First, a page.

New dawn for town hall transparency ensures taxpayers get the data they deserve
This was published under the 2010 to 2015 Conservative and Liberal Democrat coalition government
Councils will have to be open about how they spend parking profits, clamp down on fraud, and collect rubbish as part of new wave of transparency.
Armchair auditors will be able to hold their councils to account over how they spend parking profits, clamp down on fraud and collect household rubbish as part of a new wave of town hall transparency, ushered in by Local Government Minister Kris Hopkins today (3 October 2014).
This government is strengthening the public’s ability to scrutinise local councils by ensuring they get the data they deserve through the local government transparency code so they can play a bigger role in the local democratic decision making process.
Ministers believe people should be able to hold local councils to account about the services they provide. But to do this, the public needs information about what decisions local councils are taking, and how local councils are spending public money.
Ministers have already ended the Audit Commission’s top-down inspection for local government and are replacing it with new local arrangements for auditing councils. Today, they extended the transparency code and announced it will become a legal requirement for councils to help taxpayers scrutinise their work.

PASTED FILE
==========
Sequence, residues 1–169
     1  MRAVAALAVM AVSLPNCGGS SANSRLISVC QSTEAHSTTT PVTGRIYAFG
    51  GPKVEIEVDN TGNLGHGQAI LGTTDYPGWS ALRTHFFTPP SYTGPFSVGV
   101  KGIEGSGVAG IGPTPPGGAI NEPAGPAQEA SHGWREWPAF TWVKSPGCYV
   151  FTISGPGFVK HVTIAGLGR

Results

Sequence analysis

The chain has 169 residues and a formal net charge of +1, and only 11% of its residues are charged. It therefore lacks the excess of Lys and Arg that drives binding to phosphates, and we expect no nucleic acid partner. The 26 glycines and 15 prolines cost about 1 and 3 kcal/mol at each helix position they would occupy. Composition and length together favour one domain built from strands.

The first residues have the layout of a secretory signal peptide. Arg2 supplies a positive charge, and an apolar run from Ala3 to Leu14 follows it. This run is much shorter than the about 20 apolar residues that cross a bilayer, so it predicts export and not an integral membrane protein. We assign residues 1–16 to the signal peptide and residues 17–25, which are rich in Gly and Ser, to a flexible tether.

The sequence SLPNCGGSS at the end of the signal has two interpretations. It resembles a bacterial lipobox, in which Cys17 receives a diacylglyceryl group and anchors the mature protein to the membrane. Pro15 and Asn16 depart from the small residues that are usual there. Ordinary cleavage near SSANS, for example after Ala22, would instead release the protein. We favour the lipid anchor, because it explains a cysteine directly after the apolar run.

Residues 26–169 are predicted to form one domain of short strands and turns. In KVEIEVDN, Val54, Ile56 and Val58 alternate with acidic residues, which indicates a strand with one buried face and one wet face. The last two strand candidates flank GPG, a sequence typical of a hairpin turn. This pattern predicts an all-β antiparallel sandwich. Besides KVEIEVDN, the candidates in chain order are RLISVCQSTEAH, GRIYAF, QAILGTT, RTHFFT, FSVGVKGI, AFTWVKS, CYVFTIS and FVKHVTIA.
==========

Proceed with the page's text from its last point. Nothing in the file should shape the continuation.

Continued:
Local Government Minister Kris Hopkins said:
Greater power for local government must go hand in hand with greater local transparency and local accountability. Therefore it is only right we give Council Tax payers the data they deserve to play a bigger role in local democracy.
This new wave of town hall transparency will empower armchair auditors right across the land to expose municipal waste and ensure councils are making the sensible savings necessary to freeze Council Tax and protect frontline services.
For instance, opening up parking profits to the eyes of local democracy will protect residents from the risk of being treated as cash cows by trigger-happy town hall traffic wardens and expose councils using parking policies in an unlawful way.
This open data push will ensure information published by councils in the name of local transparency and accountability is made even more accessible. The new law will come into force in early November when councils will also be obliged to publish details of contracts and all land and building assets they are sitting on as well as subsidies given to trade unions including so-called ‘facility time’.
This government believes the availability of data not only boosts transparency and accountability but can also support local economic growth by opening up new markets for local businesses, the voluntary and community sectors and social enterprises to run services or manage public assets.
See the transparency code for local government on this website.
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